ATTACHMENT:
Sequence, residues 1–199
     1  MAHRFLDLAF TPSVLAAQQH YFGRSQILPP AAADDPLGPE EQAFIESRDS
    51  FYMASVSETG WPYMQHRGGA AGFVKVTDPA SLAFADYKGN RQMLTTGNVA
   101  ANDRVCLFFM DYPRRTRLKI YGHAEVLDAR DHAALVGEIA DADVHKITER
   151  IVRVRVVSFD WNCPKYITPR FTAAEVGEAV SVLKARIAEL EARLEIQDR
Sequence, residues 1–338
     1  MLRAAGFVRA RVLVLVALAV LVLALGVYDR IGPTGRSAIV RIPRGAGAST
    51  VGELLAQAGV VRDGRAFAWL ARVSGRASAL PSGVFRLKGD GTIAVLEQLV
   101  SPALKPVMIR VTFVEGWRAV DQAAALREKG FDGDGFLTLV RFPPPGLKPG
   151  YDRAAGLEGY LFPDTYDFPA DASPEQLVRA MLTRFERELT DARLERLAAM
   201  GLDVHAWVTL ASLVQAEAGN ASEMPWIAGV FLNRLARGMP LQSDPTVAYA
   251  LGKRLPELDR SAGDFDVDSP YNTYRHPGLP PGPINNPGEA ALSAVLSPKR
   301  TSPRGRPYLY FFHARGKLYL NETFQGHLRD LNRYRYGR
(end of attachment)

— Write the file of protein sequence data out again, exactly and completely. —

Sequence, residues 1–199
     1  MAHRFLDLAF TPSVLAAQQH YFGRSQILPP AAADDPLGPE EQAFIESRDS
    51  FYMASVSETG WPYMQHRGGA AGFVKVTDPA SLAFADYKGN RQMLTTGNVA
   101  ANDRVCLFFM DYPRRTRLKI YGHAEVLDAR DHAALVGEIA DADVHKITER
   151  IVRVRVVSFD WNCPKYITPR FTAAEVGEAV SVLKARIAEL EARLEIQDR
Sequence, residues 1–338
     1  MLRAAGFVRA RVLVLVALAV LVLALGVYDR IGPTGRSAIV RIPRGAGAST
    51  VGELLAQAGV VRDGRAFAWL ARVSGRASAL PSGVFRLKGD GTIAVLEQLV
   101  SPALKPVMIR VTFVEGWRAV DQAAALREKG FDGDGFLTLV RFPPPGLKPG
   151  YDRAAGLEGY LFPDTYDFPA DASPEQLVRA MLTRFERELT DARLERLAAM
   201  GLDVHAWVTL ASLVQAEAGN ASEMPWIAGV FLNRLARGMP LQSDPTVAYA
   251  LGKRLPELDR SAGDFDVDSP YNTYRHPGLP PGPINNPGEA ALSAVLSPKR
   301  TSPRGRPYLY FFHARGKLYL NETFQGHLRD LNRYRYGR